In the first scene of Louie’s fifth season, Louie (Louis C.K.) muses onstage at the Comedy Cellar about life on other planets. There’s no happy ending to a scenario in which humans find aliens, he says. Plus, the aliens are probably “way ahead of us,” which would make Earth look bad anyway. As Louis puts it: “We’re gonna be the South America planet of some America planet.”
A fear of getting left behind—or worse, becoming obsolete—lurks throughout the first four episodes of this new, eight-episode season, which premieres Thursday night on FX. It’s present in Louie’s interactions with his sort-of girlfriend Pamela (Pamela Adlon), whom he’s desperate to hold on to; it’s there in the Comedy Cellar, in the form of a young, talentless comic who gets a big break; and it’s there when some whippersnapper millennial flat-out tells Louie, “We’re the future and you don’t belong in it.”
Neuroses, romantic anxieties, and the first-world miseries of a middle-aged single dad’s life take center stage again, even as Louie berates himself for continually being such a whiner. (He calls himself a “boring asshole” in one epiphany.) Reality still diverges into fantasy in those surreal vignettes the show is famous for.
But most importantly, the show is terribly funny this season. Louie is back at the top of its game.
C.K., who still writes and directs every episode, has apparently become aware of some of last season's biggest perceived missteps, when he ditched the theme song (and much of the comedy, some would argue) and delved deep into his character’s most self-indulgent tendencies. Season 4 took the show’s half-hour form and morphed it into whatever C.K. needed it to be: a six-part “romance” with a Hungarian woman who barely spoke English, a 90-minute movie about himself discovering pot as a kid, or a three-part love story that ended with him and Pamela happily sharing a candlelit bath, despite the rapey overtones of a scene just weeks before in which Louie terrorizes Pamela around his apartment and forces her to kiss him. By the end of the season, the show’s tone had become muddled and uncomfortable—not unlike the endless slew of Louie think pieces that followed.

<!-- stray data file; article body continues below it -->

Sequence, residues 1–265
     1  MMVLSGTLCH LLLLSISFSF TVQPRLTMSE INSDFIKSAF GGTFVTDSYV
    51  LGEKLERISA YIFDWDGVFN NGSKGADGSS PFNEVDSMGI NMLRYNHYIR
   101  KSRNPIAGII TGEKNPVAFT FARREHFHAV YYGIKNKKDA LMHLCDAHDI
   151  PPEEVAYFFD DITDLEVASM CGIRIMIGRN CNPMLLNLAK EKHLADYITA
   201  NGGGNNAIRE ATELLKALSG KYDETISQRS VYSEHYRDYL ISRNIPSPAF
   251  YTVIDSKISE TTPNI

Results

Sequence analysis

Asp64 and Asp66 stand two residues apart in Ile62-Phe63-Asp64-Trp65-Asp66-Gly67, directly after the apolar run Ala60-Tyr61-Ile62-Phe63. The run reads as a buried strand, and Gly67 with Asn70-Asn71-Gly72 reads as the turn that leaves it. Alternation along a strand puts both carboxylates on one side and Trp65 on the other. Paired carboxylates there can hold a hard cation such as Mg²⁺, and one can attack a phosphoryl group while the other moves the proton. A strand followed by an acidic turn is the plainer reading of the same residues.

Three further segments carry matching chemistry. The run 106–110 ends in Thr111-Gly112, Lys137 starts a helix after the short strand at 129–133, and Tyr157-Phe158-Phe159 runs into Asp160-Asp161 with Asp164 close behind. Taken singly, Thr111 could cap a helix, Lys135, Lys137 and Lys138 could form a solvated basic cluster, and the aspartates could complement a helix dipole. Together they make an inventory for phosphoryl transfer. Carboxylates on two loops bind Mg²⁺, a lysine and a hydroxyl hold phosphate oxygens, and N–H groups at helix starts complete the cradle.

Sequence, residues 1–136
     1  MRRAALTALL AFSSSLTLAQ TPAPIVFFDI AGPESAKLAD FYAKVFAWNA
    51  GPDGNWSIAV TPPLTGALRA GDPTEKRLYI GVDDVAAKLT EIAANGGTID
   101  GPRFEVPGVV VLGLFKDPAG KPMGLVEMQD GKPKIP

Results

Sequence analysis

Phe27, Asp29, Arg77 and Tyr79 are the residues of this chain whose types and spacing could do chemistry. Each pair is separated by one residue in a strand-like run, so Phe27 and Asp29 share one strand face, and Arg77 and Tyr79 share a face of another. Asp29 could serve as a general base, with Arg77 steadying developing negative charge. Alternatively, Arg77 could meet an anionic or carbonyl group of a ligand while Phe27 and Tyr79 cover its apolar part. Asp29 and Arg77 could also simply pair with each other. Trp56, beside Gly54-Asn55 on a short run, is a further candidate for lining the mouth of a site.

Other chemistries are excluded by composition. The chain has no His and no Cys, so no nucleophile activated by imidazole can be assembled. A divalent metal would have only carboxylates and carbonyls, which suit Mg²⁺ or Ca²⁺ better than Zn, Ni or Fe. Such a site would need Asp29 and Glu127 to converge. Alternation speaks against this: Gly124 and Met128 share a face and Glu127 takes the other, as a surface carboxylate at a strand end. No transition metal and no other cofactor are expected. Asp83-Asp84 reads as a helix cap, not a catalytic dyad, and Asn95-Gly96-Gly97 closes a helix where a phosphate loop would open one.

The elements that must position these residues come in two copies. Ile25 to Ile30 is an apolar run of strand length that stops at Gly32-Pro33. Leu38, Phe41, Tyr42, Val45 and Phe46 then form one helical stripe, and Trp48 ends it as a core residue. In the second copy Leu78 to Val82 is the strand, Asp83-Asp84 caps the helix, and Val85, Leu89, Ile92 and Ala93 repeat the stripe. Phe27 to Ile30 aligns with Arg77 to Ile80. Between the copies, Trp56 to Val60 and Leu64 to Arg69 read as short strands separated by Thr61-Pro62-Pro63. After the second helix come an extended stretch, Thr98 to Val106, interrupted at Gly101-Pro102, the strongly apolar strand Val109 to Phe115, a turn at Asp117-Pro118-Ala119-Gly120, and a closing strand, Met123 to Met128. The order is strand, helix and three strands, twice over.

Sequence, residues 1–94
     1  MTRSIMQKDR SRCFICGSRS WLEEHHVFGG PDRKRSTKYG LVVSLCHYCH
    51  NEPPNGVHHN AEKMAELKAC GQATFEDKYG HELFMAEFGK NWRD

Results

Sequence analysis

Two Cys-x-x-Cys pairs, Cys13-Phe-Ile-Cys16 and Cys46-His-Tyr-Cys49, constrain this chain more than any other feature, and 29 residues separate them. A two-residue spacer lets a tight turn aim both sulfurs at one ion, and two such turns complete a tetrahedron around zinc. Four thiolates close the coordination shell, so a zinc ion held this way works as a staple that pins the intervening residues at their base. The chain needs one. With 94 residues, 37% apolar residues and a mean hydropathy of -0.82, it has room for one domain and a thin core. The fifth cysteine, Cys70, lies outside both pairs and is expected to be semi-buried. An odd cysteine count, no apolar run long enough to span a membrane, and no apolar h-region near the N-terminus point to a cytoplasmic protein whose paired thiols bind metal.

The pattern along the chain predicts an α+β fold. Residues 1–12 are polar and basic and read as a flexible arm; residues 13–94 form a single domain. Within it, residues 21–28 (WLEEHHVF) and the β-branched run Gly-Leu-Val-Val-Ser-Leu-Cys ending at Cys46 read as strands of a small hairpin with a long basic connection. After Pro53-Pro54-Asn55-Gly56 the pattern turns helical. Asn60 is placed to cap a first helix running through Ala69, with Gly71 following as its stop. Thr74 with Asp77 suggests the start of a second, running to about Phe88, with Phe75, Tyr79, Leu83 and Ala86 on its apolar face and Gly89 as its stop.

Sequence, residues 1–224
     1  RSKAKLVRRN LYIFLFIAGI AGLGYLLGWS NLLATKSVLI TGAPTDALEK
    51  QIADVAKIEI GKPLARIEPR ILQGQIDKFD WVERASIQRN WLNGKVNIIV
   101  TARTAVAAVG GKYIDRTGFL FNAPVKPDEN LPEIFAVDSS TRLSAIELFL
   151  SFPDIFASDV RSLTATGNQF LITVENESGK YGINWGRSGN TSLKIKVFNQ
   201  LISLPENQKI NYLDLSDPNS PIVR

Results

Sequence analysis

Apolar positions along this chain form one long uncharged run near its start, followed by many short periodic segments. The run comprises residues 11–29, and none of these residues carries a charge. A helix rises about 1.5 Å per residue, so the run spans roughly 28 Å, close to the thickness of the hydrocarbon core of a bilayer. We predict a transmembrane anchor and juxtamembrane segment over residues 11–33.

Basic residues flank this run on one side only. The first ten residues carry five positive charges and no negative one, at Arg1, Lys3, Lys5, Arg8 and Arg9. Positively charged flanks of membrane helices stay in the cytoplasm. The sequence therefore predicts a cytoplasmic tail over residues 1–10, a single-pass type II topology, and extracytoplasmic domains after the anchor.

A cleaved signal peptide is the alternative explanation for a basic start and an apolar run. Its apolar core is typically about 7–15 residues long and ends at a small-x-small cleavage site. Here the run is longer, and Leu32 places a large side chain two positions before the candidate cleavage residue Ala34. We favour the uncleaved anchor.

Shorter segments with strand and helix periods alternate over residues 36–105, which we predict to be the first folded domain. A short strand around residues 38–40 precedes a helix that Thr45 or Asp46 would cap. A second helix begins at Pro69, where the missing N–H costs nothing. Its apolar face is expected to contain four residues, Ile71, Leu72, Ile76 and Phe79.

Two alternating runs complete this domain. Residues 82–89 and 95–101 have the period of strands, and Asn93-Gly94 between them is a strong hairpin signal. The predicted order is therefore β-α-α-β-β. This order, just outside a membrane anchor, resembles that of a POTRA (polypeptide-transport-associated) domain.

In Season 5, C.K. actively makes fun of what didn’t work last season. At one point, as he’s about to launch into another “Into the Woods”-esque flashback episode, Pamela cuts him off, crying, “I don’t wanna hear this, please! It sounds long.” Even Louie’s therapist can’t stay interested in his existential moping. And while Louie’s interactions with women are still bumbling, awkward spectacles, they’ve gone back to what they accomplish best: Confronting us with our own biases and making us laugh, cringe, and think. (In a delicious scene from the fourth episode, C.K. also offers his answer to the Internet furor that surrounded Pamela’s almost-rape last season. It is gruesome and weird and perfect.)
Louie will always defy easy explanation, which is part of our ongoing fascination with the show. As Adlon told Vulture last year, “one thing that motivates Louis and drives him is characters that don’t explain why they do what they do.” We might never know exactly why Pamela is so guarded, why the lesbian mom-to-be in tonight’s premiere is so angry, or exactly what C.K. wants us to glean from all this. But the spectacle is so jarring, so familiar and revealing, that we can't help but keep watching. Just keep Adlon's warning in mind throughout: “You don’t get a neat little button at the end of it.”